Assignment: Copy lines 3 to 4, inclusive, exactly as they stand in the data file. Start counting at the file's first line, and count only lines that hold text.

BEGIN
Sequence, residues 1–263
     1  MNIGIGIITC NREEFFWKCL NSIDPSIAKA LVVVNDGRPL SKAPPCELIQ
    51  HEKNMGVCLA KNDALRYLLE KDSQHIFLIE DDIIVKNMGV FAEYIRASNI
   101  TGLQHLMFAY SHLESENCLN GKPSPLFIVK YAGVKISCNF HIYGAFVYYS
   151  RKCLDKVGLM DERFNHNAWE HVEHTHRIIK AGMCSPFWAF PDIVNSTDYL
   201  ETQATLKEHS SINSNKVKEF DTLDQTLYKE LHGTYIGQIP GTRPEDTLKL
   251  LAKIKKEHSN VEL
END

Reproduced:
    51  HEKNMGVCLA KNDALRYLLE KDSQHIFLIE DDIIVKNMGV FAEYIRASNI
   101  TGLQHLMFAY SHLESENCLN GKPSPLFIVK YAGVKISCNF HIYGAFVYYS